I currently have four mentors. All of them I deeply respect as a person, as a leader in their field, and I am extremely grateful for the input they give to make me become a better person, leader and entrepreneur.
Over the last week I have been asked by five different people for advice on how to get a mentor and how best to structure the relationship. This is not a new question for me, so in order to save time when the next person asks, I thought I would write it down so everyone can benefit from it.
The first point I would like to make is that there is no set way to run a mentor/mentee relationship; it is very dependent on the two personalities involved.
Here are some of my tips on how to ensure the relationship has a chance to be a successful.
Why do you want a mentor?
Like most things, you should always start with a why. It is amazing that people can’t give me a clear answer when I ask them this. Non-acceptable reasons are because you want to be able to say you have someone as a mentor or that you want to get access to their connections.
I have four mentors because I worked out that there were four reasons why I wanted a mentor and felt it was a good idea to specialise for each:
- I wanted an insight from an entrepreneur who had built huge companies from scratch without investors and had successful exits;
- I wanted a very successful female entrepreneur who had worked with their partner so I could get insights which could help my professional and personal relationships with my partner Sarah;
- I wanted a great leader from the corporate world so I could learn about team development; and
- I also wanted an American mentor to give me insights on doing business there.
Who would be a suitable fit?
Just because the person may be famous or be the expert in their field, does not necessarily mean that they would be the right mentor for you. You need to think about what personality traits you relate to, how accessible they are for you, and most importantly, do you respect them as a person.
Approaching a mentor
This is where I see a lot of common mistakes. Generally the reason why you pick someone to be a mentor is because they are successful.
Successful people are very busy and have demands for their time coming from everywhere. Would you give up regular time to someone you don’t know just to help them and get nothing in return? I expect the answer is no so why do you expect someone else to.
Do not ask someone straightaway for them to be your mentor. Like a new date you need to spark their interest first by going through a courting experience. Find a way to get an opportunity to have a cup of coffee with them.
Make sure you become very prepared for this coffee. This is your chance to impress them with your desire to improve yourself, to share important insights about yourself and what your vision is, and to also show you respect them and to ask them some questions which clearly show your appetite to learn from them.
Thank them for their time and tell them how much you would love the opportunity to be able to have another coffee in the future with them if they would be willing. If this happens a couple of times it is now acceptable to ask them if they would be willing to formalise the mentoring relationship.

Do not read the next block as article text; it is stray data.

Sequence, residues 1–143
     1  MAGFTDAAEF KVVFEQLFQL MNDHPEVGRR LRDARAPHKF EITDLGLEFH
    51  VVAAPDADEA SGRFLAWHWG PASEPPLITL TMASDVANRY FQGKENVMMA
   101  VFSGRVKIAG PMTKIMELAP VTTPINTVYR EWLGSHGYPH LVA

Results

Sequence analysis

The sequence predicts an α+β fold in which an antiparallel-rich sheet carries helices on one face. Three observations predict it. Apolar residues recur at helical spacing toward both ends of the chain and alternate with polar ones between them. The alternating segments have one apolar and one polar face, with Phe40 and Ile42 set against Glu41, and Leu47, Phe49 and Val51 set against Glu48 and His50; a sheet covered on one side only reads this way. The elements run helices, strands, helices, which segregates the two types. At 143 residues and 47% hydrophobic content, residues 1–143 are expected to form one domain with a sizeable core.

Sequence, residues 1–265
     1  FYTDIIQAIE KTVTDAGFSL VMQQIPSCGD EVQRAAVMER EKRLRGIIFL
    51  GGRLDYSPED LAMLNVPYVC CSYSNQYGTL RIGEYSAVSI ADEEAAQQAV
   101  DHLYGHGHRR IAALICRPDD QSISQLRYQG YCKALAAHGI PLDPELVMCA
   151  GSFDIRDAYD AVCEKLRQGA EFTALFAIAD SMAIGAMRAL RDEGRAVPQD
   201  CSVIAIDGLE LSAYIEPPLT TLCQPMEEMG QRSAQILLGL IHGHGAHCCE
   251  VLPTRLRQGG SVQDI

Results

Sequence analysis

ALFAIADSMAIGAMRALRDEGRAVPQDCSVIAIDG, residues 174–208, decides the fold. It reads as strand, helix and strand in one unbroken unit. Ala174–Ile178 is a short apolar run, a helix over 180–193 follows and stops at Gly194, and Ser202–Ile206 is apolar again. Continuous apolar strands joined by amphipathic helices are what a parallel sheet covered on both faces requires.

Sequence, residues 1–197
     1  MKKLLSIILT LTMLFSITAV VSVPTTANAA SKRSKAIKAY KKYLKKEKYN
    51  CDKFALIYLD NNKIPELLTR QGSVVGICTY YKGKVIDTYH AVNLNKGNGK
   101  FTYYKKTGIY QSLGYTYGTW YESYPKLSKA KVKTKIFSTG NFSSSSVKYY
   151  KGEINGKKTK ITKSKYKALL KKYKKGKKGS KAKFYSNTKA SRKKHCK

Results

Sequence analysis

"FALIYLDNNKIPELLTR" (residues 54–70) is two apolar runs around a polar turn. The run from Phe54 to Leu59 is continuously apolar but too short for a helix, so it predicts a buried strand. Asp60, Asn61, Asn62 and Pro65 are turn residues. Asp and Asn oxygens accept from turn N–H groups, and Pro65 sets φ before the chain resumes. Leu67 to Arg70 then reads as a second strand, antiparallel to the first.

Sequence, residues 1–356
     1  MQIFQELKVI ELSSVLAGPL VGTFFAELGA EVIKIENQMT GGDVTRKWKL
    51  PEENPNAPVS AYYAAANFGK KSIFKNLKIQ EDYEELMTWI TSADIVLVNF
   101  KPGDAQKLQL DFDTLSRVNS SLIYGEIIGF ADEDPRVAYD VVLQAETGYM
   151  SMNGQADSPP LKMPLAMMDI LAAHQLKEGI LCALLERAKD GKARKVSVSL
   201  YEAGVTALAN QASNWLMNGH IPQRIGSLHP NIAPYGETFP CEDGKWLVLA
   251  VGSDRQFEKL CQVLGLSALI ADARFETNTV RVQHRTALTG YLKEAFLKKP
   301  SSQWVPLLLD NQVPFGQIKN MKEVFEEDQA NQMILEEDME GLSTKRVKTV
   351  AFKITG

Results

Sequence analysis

Get the PA/EA on side
Generally these people are among the most trusted people in successful people’s lives and they are also a gatekeeper to their time. You want them to think that you are a lovely person and deserving of their boss’s time. It is pretty simple, always remember their name and be polite and courteous to them.
Making the most of their priceless time
Time is worth a lot of money for these people, so you better respect it by being adequately prepared and always on time, and be prepared to go to them. I like to send a brief agenda to them before the session so they can see that I am prepared, but more strategically, it gives them a chance to think about how they can help me on a particular topic, which means more value to me!
Make sure you also act on any action items that come out of the session so they can see that you are actually taking on board what they say and not just going through the motions.
Mentee becomes the mentor
Like any relationship, it needs to be beneficial both ways; it can’t just be take, take ,take. I think this is one of the most important requirements to make the relationship last. Think about what skills, knowledge or connections you have that your mentor could benefit from. If you are young, it could be teaching them about technology, it could be giving them access to what your business does or you do as a profession. I personally define success in any mentor relationship that I have as being achieved when I become the mentor one day. This means that I have grown, we have great mutual respect for each other and the relationship is thriving.
Ending the relationship
There are numerous reasons why a relationship with a mentor should end. It could be because you feel that you have outgrown them, or you don’t have adequate time, or that you don’t gel with the person the way you thought you would. It is completely fine to end a relationship, but it is extremely important that you do it in a professional way which highlights your ongoing respect for the person. Remember, they are doing you a favour in the first place.
I attribute a lot of my success to my past and current mentors and I have made some amazing ongoing relationships. I hope you can be as lucky.
Finn Kelly is the CEO and co-founder of award-winning Gen Y financial advisory firm,Wealth Enhancers, along with the parent company, premier private wealth management firm WE Private.